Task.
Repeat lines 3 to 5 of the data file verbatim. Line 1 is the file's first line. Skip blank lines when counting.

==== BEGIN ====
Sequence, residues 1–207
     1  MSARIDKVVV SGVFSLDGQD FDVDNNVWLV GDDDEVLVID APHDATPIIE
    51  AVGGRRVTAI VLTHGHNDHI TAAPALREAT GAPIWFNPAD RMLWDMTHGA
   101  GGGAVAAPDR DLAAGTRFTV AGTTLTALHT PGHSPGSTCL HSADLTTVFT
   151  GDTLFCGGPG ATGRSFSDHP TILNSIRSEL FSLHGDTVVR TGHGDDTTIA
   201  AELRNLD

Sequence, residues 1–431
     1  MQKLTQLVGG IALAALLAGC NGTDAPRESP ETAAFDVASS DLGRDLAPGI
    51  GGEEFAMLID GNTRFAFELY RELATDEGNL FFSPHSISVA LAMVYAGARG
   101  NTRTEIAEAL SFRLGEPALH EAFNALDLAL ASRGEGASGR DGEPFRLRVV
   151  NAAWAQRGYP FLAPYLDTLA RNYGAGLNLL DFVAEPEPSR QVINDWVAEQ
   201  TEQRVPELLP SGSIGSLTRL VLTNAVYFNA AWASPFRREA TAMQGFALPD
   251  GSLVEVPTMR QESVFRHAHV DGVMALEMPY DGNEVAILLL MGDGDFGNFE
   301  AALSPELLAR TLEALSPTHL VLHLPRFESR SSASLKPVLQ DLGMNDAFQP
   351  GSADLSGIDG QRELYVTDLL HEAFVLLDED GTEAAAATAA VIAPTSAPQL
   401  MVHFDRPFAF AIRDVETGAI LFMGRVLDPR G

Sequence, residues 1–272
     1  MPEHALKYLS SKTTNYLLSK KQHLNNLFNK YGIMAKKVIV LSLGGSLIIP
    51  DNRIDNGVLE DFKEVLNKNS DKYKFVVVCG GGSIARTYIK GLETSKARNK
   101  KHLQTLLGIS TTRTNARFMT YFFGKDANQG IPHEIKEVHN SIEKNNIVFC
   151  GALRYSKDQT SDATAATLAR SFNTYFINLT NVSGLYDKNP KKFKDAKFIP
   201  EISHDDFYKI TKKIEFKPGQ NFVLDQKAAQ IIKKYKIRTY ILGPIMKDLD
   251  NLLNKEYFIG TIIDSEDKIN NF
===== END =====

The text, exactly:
    51  AVGGRRVTAI VLTHGHNDHI TAAPALREAT GAPIWFNPAD RMLWDMTHGA
   101  GGGAVAAPDR DLAAGTRFTV AGTTLTALHT PGHSPGSTCL HSADLTTVFT
   151  GDTLFCGGPG ATGRSFSDHP TILNSIRSEL FSLHGDTVVR TGHGDDTTIA